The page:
U.S. consumer confidence rises in February

Consumer confidence increased in February as consumers became more optimistic about business conditions and the labor market, according to The Conference Board.

The Conference Board's Consumer Confidence Index increased to 70.8 in February from 61.5 in January. A reading of 90 or higher indicates a healthy economy.

The index measures how shoppers feel about business conditions, the job market and the next six months. Economists watch the index closely because consumer spending accounts for about 70 percent of economic activity and is a critical part of a strong rebound.

Those expecting business conditions to improve during the next six months rose to 18.7 percent from 16.7 percent, and those expecting business conditions to worsen decreased from 14.6 percent to 11.8 percent.

Additionally, 18.7 percent expect more jobs during the next six months compared with 16.4 percent in January, and those expecting fewer jobs dropped from 19.1 percent to 16.9 percent.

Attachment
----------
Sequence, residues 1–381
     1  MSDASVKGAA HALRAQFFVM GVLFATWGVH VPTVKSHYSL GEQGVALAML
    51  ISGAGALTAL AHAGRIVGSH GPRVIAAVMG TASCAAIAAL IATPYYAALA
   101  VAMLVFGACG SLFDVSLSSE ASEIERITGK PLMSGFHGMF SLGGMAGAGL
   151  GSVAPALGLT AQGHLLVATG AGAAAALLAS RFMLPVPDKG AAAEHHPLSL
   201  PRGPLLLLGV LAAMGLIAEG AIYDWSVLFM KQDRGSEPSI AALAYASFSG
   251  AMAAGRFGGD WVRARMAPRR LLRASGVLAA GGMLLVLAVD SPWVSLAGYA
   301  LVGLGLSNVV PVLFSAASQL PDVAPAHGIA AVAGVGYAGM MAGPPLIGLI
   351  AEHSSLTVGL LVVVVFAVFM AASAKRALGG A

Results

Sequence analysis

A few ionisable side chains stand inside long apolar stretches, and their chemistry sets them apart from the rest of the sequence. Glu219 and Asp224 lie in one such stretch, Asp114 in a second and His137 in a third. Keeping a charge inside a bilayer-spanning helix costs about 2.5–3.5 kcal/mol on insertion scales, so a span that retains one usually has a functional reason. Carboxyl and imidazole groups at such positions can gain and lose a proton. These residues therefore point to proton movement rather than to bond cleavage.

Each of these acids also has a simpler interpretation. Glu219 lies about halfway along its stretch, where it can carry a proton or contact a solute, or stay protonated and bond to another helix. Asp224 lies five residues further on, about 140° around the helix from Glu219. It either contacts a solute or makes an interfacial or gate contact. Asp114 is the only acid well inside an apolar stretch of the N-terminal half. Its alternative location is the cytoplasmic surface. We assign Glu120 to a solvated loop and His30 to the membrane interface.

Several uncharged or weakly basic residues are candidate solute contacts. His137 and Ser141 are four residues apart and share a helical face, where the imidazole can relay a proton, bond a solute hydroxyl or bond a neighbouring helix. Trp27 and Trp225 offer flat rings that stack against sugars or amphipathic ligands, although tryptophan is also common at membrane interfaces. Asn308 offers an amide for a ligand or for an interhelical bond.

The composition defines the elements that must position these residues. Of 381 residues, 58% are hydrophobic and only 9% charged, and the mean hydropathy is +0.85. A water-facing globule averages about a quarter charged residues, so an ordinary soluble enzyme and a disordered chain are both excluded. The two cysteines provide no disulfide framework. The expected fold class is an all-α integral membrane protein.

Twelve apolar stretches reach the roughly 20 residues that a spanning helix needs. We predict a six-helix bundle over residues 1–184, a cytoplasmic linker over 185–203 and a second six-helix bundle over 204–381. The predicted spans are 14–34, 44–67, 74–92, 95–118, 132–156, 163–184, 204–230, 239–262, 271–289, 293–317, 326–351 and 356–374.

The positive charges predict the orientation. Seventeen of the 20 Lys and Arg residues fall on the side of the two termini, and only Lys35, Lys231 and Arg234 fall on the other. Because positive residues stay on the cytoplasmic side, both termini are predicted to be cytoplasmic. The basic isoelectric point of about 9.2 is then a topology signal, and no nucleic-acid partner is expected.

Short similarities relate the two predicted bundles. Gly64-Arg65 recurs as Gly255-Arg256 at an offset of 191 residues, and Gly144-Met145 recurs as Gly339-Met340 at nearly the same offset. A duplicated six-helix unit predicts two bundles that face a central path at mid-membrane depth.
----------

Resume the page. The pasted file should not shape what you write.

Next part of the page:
"Consumer confidence, which declined last month, posted a sizeable improvement in February," says Lynn Franco, director of The Conference Board Consumer Research Center. "The Index now is close to levels last seen a year ago. Consumers are considerably less pessimistic about current business and labor market conditions than they were in January. And, despite further increases in gas prices, they are more optimistic about the short-term outlook for the economy, job prospects and their financial situations."

Date : 3/12/2012